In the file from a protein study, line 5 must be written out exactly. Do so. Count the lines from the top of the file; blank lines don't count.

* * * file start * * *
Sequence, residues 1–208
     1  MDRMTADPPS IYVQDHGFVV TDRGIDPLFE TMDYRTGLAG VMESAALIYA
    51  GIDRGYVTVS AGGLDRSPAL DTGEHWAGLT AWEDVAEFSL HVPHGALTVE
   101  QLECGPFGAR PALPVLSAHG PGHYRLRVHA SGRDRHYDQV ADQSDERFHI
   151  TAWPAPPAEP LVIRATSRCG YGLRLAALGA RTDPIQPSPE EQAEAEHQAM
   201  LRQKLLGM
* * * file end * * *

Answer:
   151  TAWPAPPAEP LVIRATSRCG YGLRLAALGA RTDPIQPSPE EQAEAEHQAM